It says that because the Complainant has commenced proceedings in Belgrade against it for trademark infringement, this Complaint should be suspended until those proceedings have been determined.
It is convenient to set out here extracts from the English translation of the response that FlixaBUS DOO sent to the Complainant’s letter of complaint, as that sets out more fully the relevant arguments, as follows:
“We are informing you hereby that your client’s mark “FLIXBUS” and our mark “FLIXABUS”, which we are using, are not confusingly similar, and that your other arguments are also groundless.
These two marks are significantly different, and therefore we do not see any connection between our two companies, and we find your letter a little bit surprising for us.
Company FLIXABUS was founded on 11.01.2019. and its only business activity is providing transportation to the workers to their workplace and providing city transport and only in the territory of the Republic of Serbia. As far as we become familiar with your client’s business activities after we received your C&D letter, your client is providing international transportation, i.e. transportation of individuals from one country to another, and he is not providing transportation services to the workers nor he is providing city transport services. Your client is also providing his services through his business partners, transportation companies from Belgrade and Valjevo (for the territory of the Republic of Serbia). Based on this, we may say that your client’s trademark is not beeing used in Serbia, given that your business structure obviously represents so called umbrella organization.
Therefore, our business activity is not identical with your client’s business activity, because there is no possible chance that yours and our potential customers could be misled on the market regarding to the origin and the characteristics of the services.
Therefore we are rejecting your claims that we are using the mark confusingly similar to your client’s mark without any unauthorization and we consider them to be groundles. This also reffers to the claims that we caused any damage (loss profit or reputation damage) by our activities.
We particularly stress that the visual logo (figurative mark) of our company is completely different than the logo (figurative mark) of your client. This is also the reason why there is no possible chance for any potential customer to be misled regarding to the origin of services.
Regarding your request for transfer of the domain name flixabus.com to your client without any compensation, we consider it to be groundless as well. Free domain names are for selling and that is the usual practice, so the subject domain name was the subject of the sale. Our company payed all related fees for registration and activation of the domain and it is the property of our company. The business policy of our company is not to transfer any kind of our property without any compensation. Such transfer could be consider as a criminal act or commercial defence”.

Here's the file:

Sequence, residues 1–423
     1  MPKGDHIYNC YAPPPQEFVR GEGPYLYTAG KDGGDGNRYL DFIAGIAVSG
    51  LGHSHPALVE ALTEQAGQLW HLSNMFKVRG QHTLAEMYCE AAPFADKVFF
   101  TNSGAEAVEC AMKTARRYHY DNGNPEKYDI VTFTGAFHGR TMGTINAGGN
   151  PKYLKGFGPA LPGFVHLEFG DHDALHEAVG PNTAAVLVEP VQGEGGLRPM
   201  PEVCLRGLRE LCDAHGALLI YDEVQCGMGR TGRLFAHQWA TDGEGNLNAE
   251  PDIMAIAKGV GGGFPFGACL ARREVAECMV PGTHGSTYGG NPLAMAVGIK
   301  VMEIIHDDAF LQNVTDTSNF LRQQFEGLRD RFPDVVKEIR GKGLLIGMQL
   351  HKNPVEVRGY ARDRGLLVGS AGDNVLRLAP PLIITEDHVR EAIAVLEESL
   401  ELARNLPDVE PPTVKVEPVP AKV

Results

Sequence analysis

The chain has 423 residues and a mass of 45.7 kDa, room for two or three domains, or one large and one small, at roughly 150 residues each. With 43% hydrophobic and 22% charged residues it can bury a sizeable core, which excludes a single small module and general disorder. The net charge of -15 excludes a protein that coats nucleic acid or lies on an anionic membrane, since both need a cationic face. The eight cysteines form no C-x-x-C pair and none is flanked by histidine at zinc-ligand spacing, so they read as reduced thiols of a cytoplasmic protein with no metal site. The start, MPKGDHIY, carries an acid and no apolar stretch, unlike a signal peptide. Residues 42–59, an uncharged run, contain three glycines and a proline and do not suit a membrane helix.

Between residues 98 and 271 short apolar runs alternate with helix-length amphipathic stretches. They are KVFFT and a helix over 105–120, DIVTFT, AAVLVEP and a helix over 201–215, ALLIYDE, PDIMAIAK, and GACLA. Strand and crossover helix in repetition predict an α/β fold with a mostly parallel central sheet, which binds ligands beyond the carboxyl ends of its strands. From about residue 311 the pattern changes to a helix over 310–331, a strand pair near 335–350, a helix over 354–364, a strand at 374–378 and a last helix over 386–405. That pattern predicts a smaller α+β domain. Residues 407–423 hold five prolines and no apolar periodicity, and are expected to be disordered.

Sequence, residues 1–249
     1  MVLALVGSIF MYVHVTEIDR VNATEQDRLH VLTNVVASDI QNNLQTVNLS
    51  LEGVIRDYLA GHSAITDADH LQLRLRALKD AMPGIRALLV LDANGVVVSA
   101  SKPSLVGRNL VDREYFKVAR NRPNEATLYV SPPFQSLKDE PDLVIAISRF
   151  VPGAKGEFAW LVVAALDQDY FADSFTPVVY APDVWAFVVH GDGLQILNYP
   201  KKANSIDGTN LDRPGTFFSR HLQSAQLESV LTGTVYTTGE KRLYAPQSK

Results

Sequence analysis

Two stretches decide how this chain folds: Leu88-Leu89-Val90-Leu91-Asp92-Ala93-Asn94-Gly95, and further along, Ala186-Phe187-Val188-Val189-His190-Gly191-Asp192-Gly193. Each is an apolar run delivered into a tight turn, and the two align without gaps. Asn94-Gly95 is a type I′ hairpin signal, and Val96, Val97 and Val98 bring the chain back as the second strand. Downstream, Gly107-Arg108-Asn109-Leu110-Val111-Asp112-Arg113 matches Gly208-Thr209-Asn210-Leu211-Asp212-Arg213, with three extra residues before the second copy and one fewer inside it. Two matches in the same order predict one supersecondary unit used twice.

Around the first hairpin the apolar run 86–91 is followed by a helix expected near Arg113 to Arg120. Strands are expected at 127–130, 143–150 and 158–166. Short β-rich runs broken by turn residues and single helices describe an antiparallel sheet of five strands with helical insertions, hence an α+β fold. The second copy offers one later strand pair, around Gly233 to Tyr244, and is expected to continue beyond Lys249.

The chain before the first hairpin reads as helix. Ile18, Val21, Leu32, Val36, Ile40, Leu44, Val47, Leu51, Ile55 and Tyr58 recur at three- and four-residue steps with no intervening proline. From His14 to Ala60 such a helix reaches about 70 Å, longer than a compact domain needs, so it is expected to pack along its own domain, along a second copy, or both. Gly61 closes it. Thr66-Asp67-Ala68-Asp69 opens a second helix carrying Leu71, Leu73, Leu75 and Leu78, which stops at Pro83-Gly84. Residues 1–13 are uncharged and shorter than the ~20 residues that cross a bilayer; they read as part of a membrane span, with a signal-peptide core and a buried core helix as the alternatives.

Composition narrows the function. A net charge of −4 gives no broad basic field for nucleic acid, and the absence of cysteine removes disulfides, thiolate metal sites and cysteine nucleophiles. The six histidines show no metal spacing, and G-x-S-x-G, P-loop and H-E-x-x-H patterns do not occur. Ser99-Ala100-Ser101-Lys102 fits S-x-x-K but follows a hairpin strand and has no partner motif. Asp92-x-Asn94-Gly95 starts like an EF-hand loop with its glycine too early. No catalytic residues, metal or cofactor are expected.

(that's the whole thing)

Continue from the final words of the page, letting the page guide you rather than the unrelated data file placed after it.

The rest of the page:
In addition, FlixaBUS DOO submitted similar arguments to the ones reproduced above in its Response to the Complaint, and added that it incorporated a company named “FLIXaBUS DOO Jugbogdanovac” which is different to “FlixBus”; that the pronunciation of the terms “Flixbus” and “Flixabus” in Serbian is significantly different; that the colors used by the corresponding signs are different; that both signs contains the commonly known abbreviation for the word “bus”; and considering all the circumstances, that potential users would not be misled in the market, primarily as the Parties are not competing for the same service users. FlixaBUS DOO ends its Response arguing that since there is a court proceeding in Serbia, the present proceeding should stop until the Belgrade Commercial Court renders a final court ruling.
Dijas Doo has not submitted any response in this proceeding.
6. Discussion and Findings
6.1. Preliminary Matters
A. Respondent Identity
It is not clear to the Panel exactly what the relationship is between the Respondent (Dijas Doo) and the company FlixaBUS DOO which appears to be the operator of the FlixaBUS Website and the provider of the transport services it advertises. The Panel notes that the registrant on record of the Disputed Domain Name is Dijas Doo, FlixaBUS DOO was only formed after the Disputed Domain Name was registered and there is no evidence before the Panel of any transfer of the Disputed Domain Name from Dijas Doo to FlixaBUS DOO. In the circumstances the Panel will assume the two companies are connected and that the actions of FlixaBUS DOO are to be attributed to the Respondent. The term “Respondent” in this decision refers to both companies unless otherwise stated.
B. Additional Filing
The Panel does not find it necessary to admit the Complainant’s Additional Filing. There is no provision in the Rules for such a filing. The Panel has discretion to admit additional material but in the present case does not find it necessary as that material is mainly a rebuttal of the Response. The Panel notes that the Complainant’s Additional Filing does not alter its reasoning or its decision.
C. Pending litigation